I’m excited to share one of my favorite techniques for creating pen and ink drawings with loose washes — and it doesn’t include watercoloring AFTER. That leads to color washes that aren’t nearly as loose as what the techniques in this class will create. We’ll do the watercolor washes first, and each of the watercolor sections will be in realtime. Part of the pen and ink part will be too, but once you see how the lines are made in real speed, they do get sped up since much of the rest is a repeat of the first steps.
See a video demonstration of the kind of thing you’ll learn in this course at the bottom of this page.
I retain the copyright to the content you are learning in class. That means…
However…I love to see students making strides and taking this teaching and personalizing it with your own skills.
At the bottom of each lesson you’ll see some ways to share your homework and ask questions, so that’ll be handy for you.
The lists below contain alternate options—you dont need all of it. A kind of paper, watercolors of some kind, a big and small brush, a pen.
Since the projects in this course are underpainted with watercolor, then watercolor paper is recommended. And 100% cotton is especially recommended. If you use student grade papers or others that aren’t good paper, you won’t get the “edges” created that allow for easy tracing the shapes. You can see by the photos below that some of the projects are on hot press, cold press or rough (the strongest textures are on the rough). Generally people working in pen like super smooth papers, but I found rough to work best to create the paint edges, hot press just didn’t achieve it well – so a good compromise might be using cold press, which is in between them.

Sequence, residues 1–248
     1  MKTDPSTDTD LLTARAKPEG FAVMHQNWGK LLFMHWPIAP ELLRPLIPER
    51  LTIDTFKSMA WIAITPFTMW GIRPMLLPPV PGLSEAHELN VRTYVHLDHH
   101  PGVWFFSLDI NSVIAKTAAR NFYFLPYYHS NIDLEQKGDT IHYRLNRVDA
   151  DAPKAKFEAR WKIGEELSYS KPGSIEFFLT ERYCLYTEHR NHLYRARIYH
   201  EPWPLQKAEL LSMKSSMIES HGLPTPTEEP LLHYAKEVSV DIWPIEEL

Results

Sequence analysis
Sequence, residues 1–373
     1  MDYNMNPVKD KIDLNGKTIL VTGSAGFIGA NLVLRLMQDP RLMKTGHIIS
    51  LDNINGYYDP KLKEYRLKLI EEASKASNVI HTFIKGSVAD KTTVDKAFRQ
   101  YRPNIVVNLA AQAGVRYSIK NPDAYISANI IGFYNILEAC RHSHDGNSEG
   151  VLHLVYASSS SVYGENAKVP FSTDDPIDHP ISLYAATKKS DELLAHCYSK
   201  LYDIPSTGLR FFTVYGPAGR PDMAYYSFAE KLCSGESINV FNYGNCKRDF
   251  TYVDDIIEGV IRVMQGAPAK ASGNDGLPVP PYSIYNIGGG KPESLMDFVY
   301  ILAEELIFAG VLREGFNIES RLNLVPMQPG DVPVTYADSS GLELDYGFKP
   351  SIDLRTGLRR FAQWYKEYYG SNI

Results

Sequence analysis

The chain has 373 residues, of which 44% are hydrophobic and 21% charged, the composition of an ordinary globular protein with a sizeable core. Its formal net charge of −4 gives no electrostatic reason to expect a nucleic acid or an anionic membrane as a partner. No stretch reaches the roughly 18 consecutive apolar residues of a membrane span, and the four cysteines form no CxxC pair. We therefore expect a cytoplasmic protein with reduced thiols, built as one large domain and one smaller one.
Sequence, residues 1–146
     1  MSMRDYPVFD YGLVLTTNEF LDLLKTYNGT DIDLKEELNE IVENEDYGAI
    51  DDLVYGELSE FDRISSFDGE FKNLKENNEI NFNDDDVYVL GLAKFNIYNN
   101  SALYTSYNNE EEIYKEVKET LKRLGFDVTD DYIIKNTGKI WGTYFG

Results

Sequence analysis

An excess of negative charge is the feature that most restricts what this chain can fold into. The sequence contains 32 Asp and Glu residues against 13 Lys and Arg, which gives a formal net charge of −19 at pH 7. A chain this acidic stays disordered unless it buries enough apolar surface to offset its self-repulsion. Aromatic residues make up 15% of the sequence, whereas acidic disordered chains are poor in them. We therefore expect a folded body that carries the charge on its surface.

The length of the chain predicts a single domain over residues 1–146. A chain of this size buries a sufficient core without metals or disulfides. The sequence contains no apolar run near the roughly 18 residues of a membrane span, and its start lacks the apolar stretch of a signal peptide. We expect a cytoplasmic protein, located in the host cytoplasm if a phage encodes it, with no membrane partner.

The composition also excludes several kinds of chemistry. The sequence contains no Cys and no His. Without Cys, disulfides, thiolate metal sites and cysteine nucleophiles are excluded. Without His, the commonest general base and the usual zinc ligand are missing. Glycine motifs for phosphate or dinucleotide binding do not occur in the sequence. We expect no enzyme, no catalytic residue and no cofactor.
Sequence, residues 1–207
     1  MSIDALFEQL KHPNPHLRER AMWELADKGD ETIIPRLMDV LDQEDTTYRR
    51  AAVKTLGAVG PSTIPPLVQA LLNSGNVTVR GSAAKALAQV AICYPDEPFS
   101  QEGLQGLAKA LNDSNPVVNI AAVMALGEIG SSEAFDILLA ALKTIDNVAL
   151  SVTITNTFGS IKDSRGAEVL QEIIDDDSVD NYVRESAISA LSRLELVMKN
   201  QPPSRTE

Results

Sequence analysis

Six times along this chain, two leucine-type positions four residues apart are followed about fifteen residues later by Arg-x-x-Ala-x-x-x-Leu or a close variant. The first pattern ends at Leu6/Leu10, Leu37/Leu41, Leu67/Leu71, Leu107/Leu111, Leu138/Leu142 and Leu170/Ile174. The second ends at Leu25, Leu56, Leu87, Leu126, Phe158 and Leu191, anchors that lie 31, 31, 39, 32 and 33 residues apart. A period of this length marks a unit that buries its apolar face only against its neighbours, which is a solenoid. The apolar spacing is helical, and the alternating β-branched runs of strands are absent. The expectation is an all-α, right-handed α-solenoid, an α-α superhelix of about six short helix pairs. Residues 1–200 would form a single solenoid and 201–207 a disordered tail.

In general, I’m more a fan of the higher end natural brushes, but for a project like this – use what you have! You’ll want a nice big brush like the ones pictured below (#10 or #12 round), and in just a few spots, a small brush (like a #4) for elements like the tentacles on the jellyfish. But if what you have is aquabrushes – use those! There’s also a use for a nice big flat brush if you’ve got one, but there’s also ways around that.
You’ll want to have a spray bottle (any kind) on hand, baby wipes, paper towels. Any hard surface can be used to anchor the paper, I use hardboard, and the tape I prefer is artist tape.) You may also want to have a hairdryer or heat gun handy to keep things moving! But you can also let your paper air dry.
Here’s another place you have lots of flexibility! In the demos, an extra-fine fountain pen is used; there’s also a very fine Pilot listed below if you’d like to try that out. Inks here are waterproof in case you need to add a dash of watercolor on top; but you can use non-waterproof inks/pens on top of the watercolor if not painting on top.
You can use traditional watercolor, as the demos use – any brand, and any hues. Any of the projects can be done in any colors too – change up as desired! You can also try other watercolor media – like liquid watercolors, inkpad reinkers, or even watercolor powders! For these watercolor washes, it’s the water being painted underneath that creates the shapes that color can just be dropped into. See the grid below for photos with the Daniel Smith colors used if you’d like to replicate these (colors will be listed in each lesson too.)
I’m so glad you joined me for this class! Please consider sharing a review of this course – give it some stars and a few words about your experience to encourage other students!